How is a city of professional line-standers and BlackBerry addicts responding to the much-hyped new gadget?
WASHINGTON--In a city where line-standing at Capitol Hill events is an occupation unto itself, I was halfway expecting to see hordes of seasoned lackeys holding spots for high-powered lobbyists during my Friday afternoon circuit of AT&T stores boasting the iPhone.
But alas, instead of the usual guys in bike messenger garb holding up cardboard signs bearing their clients' handwritten names, I found relatively short lines of mostly earnest Applephiles, many still donning their buttoned-up office attire and ID card lanyards (among those I spotted: U.S. Department of State, DC government). Many of those who actually agreed to talk to me (remember, this is a city where people like to avoid going "on the record" whenever possible) admitted to being line-standing newbies who had gone starry-eyed over the the sleek gadget.
And there wasn't much of Camp iPhone mentality around these parts, either: With only one exception--an unnamed guy who showed up at the New York Avenue AT&T store at 6:30 a.m.--none of the lines began forming before about noon on Friday.
Line leaders willing to share their stories pretty much fit the typical Apple fanboy/girl profile. At a store near Dupont Circle, a self-employed Web developer who lives nearby had been sneaking peaks at the storefront throughout the morning and admitted to feeling a little sheepish about coming out first. "Every time they release a product, the lines get earlier and earlier," Jon Reiling told me. "I don't want to contribute to an excessive amount of waiting."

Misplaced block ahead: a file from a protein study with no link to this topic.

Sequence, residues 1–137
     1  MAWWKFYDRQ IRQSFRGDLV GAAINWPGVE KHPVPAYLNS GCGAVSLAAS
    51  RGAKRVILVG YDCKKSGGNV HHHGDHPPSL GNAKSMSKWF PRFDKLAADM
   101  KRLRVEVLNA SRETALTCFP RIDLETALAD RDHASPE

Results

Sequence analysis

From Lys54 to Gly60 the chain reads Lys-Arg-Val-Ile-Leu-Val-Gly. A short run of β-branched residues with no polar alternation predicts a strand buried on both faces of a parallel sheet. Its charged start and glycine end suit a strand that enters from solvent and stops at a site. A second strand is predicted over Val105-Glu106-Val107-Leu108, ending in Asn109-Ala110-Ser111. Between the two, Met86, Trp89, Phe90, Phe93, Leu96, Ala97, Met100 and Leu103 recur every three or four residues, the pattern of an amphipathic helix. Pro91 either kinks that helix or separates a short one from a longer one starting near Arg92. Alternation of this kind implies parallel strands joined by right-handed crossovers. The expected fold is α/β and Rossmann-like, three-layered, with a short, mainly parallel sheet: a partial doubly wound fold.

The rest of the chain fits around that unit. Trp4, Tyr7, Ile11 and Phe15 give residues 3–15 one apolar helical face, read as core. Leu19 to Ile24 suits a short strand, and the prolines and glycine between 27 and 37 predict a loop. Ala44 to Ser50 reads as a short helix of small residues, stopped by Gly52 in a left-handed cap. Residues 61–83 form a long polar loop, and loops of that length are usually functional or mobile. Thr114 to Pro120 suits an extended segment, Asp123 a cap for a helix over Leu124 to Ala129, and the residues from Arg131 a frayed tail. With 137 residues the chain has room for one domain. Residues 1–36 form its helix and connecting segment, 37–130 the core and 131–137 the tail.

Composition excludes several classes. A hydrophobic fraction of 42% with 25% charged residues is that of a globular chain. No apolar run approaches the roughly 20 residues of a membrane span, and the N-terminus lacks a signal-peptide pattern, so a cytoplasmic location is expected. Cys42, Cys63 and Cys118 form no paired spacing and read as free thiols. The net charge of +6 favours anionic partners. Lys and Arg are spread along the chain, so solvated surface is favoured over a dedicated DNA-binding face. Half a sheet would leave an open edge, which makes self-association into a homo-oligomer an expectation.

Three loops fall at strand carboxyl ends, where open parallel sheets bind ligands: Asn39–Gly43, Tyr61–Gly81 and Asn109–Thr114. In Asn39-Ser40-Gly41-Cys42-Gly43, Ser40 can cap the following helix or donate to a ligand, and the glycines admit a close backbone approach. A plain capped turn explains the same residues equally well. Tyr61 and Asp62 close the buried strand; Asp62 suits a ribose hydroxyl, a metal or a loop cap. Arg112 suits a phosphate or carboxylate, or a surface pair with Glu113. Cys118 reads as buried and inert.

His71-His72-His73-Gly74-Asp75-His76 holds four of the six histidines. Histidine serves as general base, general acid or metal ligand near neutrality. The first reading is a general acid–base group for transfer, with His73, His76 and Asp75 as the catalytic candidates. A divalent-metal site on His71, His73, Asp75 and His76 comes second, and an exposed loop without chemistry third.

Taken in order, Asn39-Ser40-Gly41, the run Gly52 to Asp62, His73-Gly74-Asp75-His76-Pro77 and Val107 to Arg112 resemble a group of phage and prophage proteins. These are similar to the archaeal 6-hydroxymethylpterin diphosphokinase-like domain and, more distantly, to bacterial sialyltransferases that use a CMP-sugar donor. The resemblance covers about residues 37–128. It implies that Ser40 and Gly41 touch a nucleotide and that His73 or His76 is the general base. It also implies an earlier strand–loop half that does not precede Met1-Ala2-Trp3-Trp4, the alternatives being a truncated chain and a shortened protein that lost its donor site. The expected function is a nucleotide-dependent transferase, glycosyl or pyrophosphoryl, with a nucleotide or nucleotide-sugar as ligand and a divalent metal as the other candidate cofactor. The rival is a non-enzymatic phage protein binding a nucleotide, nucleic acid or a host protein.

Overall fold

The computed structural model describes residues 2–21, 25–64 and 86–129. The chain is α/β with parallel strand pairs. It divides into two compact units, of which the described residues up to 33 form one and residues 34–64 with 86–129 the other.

At an AT&T store in the city center, 22-year-old Jessica Lamb, who just started a job as an intelligence analyst with a federal law enforcement agency that shall not be named, said she couldn't wait to blow some of her first paycheck--which conveniently arrived today--on the $500-plus gadget. "If Steve Jobs told me to give him my right arm, I would probably do it," she said gleefully. She had managed to snag the fourth spot in line even though she said she didn't cut out of work until about 1 p.m. Friday.
At the five AT&T stores I visited downtown, the lines I encountered never numbered more than 50 or so people, even within a half hour of the launch. But the scene was drastically different at an Apple store in Arlington, Va. At least 200 people, some with now-folded camp chairs slung on their shoulders, snaked from the store's entrance around the well-manicured outdoor shopping center in which it is situated. About 20 minutes before the store reopened its doors, at least half a dozen video cameras manned by local and international media encircled the entrance.
The final seconds to launch brought a chanted countdown from the front of the line and sporting event-like cheers of "i-Phone! i-Phone!" Within a few minutes of the doors' reopening, a silver-haired man named Stephen Easley--who did, in fact, set up camp outside the store at around 10 p.m. Thursday to be the first in line--emerged to cheers with a pair of iPhones nestled in special black shopping bags, which he displayed for the photographers.
A bit later, I crossed paths with someone who hadn't staked out a spot only because of unbridled Apple love. Glenn Sparico, an enterprising 25-year-old consultant with a finance degree, said he wasn't content to arrive at 9:30 a.m. Friday to procure his two-iPhone quota. He had also paid $50 each to two guys found through Craigslist to do the same, ostensibly leaving him with one phone to keep and five to list on eBay.
"Tonight's going to be a free-for-all," he said as he glanced around, perhaps with a tinge of apprehension, to see if he could pick out his line-standers. When I left him to his gadgets, there was no word yet on whether the hired help had come through or, well, simply run off with the goods.